Sunday, 6 March 2016

Solo ride to mum's and then Andy and I head for Tatsfield Village...

Never listen to anybody when they try to put you on a downer over the weather. On Friday people started talking down the weekend. "It's going to be terrible this weekend," some would say and I'd be left wondering whether I was going to be riding out on Saturday morning. "It's going to be nice on Sunday," they might add. As it turned out, it was fine on both days and I managed to cycle alone to mum's (on Saturday morning) and then to Tatsfield Village with Andy (Sunday morning).

Boiled egg, fingers, fresh fruit, bread and tea...
The weather on both days was fine. Clear skies, a crescent moon and a slightly chilly air, but not chilly enough to smack me in the face.

I took the usual route to mum's. This time, when I got there, I opted for the breakfast menu: tea, chopped orange, sliced banana and apple, two small slices of brown bread and, of course, light conversation. We sat in the new room – the room that's not new at all – and outside, while cold and crisp, the sun was shining. It was a nice day.

Breakfast at mum's is always good. We spoke about a wide range of 'stuff': mum's next door neighbour is fixing up his house. He's been knocking down walls, turning the back room into a large living space embracing a kitchen and a play room for the kids and somewhere to sit and lounge about. "But he's still got a front room," said mum.

"That's what I wish I had," I said, explaining how our house is all very 'open plan' – it was built when the 'lounge-diner' was all the rage, but it means that everything takes place in the same space: watching TV, reading, eating, everything. Fortunately we have an extension. We call it the 'conservatory' because it has huge picture windows and a flat roof, but it's not really a conservatory, it's an extension, a room in its own right and it's where you'll find my bookcase and desk and a couple of sofas that have seen better days.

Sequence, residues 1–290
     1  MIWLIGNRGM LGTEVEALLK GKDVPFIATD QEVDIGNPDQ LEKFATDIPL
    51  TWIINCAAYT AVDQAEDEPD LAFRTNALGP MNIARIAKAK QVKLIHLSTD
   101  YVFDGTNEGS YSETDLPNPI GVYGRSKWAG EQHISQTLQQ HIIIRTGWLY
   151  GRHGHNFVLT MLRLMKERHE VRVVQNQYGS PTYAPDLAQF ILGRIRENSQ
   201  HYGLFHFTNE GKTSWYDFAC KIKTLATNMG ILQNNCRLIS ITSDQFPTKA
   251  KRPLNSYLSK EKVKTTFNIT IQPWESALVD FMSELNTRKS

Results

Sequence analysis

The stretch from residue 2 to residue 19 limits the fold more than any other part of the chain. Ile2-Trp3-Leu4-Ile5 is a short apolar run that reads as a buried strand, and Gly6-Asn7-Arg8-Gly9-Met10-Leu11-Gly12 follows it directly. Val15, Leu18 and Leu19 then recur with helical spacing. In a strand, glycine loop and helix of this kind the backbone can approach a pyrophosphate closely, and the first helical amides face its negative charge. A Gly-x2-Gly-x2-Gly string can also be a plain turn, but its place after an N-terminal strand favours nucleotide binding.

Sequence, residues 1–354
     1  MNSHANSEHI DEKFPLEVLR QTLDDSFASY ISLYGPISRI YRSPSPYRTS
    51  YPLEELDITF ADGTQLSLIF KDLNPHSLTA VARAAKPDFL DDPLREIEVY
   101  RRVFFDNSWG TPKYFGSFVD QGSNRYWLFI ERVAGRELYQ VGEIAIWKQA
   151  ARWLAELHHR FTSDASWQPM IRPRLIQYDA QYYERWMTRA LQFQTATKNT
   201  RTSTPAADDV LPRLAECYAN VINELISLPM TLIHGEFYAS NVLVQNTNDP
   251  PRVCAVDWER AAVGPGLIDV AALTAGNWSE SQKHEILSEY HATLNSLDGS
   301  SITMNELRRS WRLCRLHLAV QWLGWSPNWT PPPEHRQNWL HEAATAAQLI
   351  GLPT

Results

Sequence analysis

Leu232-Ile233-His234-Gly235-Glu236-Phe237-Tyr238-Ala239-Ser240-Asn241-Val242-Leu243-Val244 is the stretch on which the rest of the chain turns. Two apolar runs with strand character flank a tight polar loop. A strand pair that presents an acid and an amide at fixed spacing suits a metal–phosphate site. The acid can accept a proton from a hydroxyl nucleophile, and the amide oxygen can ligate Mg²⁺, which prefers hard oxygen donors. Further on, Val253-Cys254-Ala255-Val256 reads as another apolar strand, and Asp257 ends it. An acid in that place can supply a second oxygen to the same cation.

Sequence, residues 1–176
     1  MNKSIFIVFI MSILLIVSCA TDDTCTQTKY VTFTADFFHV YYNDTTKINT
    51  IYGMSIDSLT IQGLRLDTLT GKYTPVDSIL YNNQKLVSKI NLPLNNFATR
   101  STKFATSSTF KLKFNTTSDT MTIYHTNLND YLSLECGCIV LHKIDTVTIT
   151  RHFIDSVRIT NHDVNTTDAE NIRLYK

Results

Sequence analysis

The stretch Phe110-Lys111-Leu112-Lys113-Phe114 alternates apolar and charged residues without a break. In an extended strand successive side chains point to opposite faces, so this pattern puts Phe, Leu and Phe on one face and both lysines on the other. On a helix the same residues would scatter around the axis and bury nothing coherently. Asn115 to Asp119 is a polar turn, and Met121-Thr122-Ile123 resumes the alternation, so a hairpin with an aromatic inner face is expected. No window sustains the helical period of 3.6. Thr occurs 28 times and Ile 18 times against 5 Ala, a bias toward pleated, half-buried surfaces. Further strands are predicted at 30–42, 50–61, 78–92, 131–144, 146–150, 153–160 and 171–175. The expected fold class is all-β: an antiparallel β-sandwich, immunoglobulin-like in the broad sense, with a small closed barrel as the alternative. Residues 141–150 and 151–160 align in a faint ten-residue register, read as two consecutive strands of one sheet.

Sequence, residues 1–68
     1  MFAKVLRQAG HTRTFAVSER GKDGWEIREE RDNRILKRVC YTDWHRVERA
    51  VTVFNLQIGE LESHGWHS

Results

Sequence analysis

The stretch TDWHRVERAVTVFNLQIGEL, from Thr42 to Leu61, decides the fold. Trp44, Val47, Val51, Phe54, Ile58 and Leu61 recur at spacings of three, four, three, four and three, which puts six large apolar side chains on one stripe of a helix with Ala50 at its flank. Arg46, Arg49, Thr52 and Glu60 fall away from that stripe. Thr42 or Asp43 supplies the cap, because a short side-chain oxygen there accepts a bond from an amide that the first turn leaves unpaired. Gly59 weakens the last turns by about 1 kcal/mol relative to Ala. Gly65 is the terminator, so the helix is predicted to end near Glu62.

Right now there are hassles at home. No hot water. It could mean a new boiler, but with the central heating still working, it's probably not the boiler – some say that won't stop British Gas from condemning what might be a perfectly decent, albeit old, boiler. It's amazing how we all take so many things for granted and hot water is one of those things. Try living without it for a few days and you'll know what I mean.

The ride back home was uneventful and I arrived at 0908hrs after a decent enough ride. As the day progressed, the rains came, but I reached home dry and that was good news.

Sunday – Andy and I ride to Tatsfield Village
Sunday was an equally pleasant day, possibly a little colder than Saturday, but again there was a crescent moon and a dreamy water-colour sky to greet me when I pulled back the curtain. No sign of Phil, but we all know how much he hates the cold. The truth of the matter, though, was that it wasn't that cold, or at least it didn't seem too bad. I didn't really notice the cold until Andy and I were riding south along the 269 towards Botley Hill. My feet were cold, but other than that I was fine and I didn't have the balaclava either.